Lion's Mane Mushrooms & Dementia

Large, white and shaggy, a lion's mane mushroom is a time-tested nootropic superfood, but appearances can often be deceiving. Multiple scientific studies suggest that bioactive substances that can offer invaluable support for a person's cognitive health are within this fungus's mushroom and the mycelium. 

Alzheimer's disease and other forms of dementia rob sufferers of their cognitive abilities and their memories. It is an emotionally daunting process that tends to be incredibly difficult for both patients and those who love them. 
Lions mane mushroom cut in half
Research into Hericium erinaceus offers some hope for dementia patients. In one promising study, researchers induced dementia in rats then gave them extract from fruit body of H. erinaceus. The treatment led to significant improvements in the rodents' ability to learn and remember[1].

In another interesting study, researchers fed rats a diet containing the mushroom Hericium erinaceus and periodically administered amyloid β(25-35) peptide, a substance that is known to cause certain cognitive deficits. Here, the fungus seemed to have a protective effect, preventing impairments in both spatial short-term and visual recognition memory[2].

In a third study, researchers examined the mushroom's neuritogenic effects. Their experiments demonstrated that the bioactive substances in this fungus have a positive effect on neurite outgrowth and differentiation in PC12 cells[3].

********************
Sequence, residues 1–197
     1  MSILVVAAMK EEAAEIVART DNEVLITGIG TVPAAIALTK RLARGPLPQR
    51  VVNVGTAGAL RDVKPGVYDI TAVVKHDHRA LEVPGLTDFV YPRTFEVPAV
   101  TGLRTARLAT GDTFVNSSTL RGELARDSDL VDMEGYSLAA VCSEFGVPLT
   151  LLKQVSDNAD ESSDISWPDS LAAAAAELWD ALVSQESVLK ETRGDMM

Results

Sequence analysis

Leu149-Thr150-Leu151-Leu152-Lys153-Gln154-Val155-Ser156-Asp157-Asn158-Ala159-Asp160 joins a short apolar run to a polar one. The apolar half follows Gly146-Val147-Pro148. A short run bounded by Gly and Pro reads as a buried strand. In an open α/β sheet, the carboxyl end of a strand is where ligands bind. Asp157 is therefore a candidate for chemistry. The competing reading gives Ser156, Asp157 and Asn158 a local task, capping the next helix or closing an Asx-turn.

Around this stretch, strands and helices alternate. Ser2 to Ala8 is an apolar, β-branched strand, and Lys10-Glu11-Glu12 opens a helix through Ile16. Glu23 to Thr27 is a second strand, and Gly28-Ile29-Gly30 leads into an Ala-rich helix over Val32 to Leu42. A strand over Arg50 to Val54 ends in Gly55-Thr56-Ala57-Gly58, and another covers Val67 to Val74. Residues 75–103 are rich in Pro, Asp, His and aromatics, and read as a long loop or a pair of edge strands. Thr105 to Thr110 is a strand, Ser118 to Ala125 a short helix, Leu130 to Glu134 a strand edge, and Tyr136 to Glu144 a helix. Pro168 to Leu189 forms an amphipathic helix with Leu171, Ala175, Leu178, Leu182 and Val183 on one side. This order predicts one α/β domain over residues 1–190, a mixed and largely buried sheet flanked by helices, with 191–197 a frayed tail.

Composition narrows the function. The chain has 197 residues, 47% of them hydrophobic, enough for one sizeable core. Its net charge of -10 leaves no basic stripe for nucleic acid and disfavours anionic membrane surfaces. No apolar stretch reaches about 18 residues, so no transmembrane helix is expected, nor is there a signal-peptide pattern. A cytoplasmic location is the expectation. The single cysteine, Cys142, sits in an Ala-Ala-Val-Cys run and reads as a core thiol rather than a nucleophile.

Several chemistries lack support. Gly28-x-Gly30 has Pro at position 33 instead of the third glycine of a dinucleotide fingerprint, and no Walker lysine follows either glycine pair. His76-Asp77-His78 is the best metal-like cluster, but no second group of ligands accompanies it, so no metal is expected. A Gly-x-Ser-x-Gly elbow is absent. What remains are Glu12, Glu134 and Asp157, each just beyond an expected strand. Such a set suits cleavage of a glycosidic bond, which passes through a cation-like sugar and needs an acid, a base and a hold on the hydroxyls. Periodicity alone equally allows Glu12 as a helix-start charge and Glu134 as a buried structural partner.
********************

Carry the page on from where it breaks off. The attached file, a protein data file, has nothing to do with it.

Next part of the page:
Other studies have suggested that H. erinaceus encourages nerve growth factor production and supports nerve regeneration[4]. 

Reference List

  1. Diling C, Tianqiao Y, Jian Y, Chaoqun Z, Ou S, Yizhen X. Docking Studies and Biological Evaluation of a Potential β-Secretase Inhibitor of 3-Hydroxyhericenone F from Hericium erinaceus. Frontiers in pharmacology 2017;8:219. PMID 28553224
  2. Mori K, Obara Y, Moriya T, Inatomi S, Nakahata N. Effects of Hericium erinaceus on amyloid β(25-35) peptide-induced learning and memory deficits in mice. Biomedical research (Tokyo, Japan) 2011;32(1):67-72. PMID 21383512
  3. Phan CW, Lee GS, Hong SL, Wong YT, Brkljača R, Urban S, Abd Malek SN, Sabaratnam V. Hericium erinaceus (Bull.: Fr) Pers. cultivated under tropical conditions: isolation of hericenones and demonstration of NGF-mediated neurite outgrowth in PC12 cells via MEK/ERK and PI3K-Akt signaling pathways. Food & function 2014;5(12):3160-9. PMID 25288148
  4. Mori K, Obara Y, Hirota M, Azumi Y, Kinugasa S, Inatomi S, Nakahata N. Nerve growth factor-inducing activity of Hericium erinaceus in 1321N1 human astrocytoma cells. Biological & pharmaceutical bulletin 2008;31(9):1727-32. PMID 18758067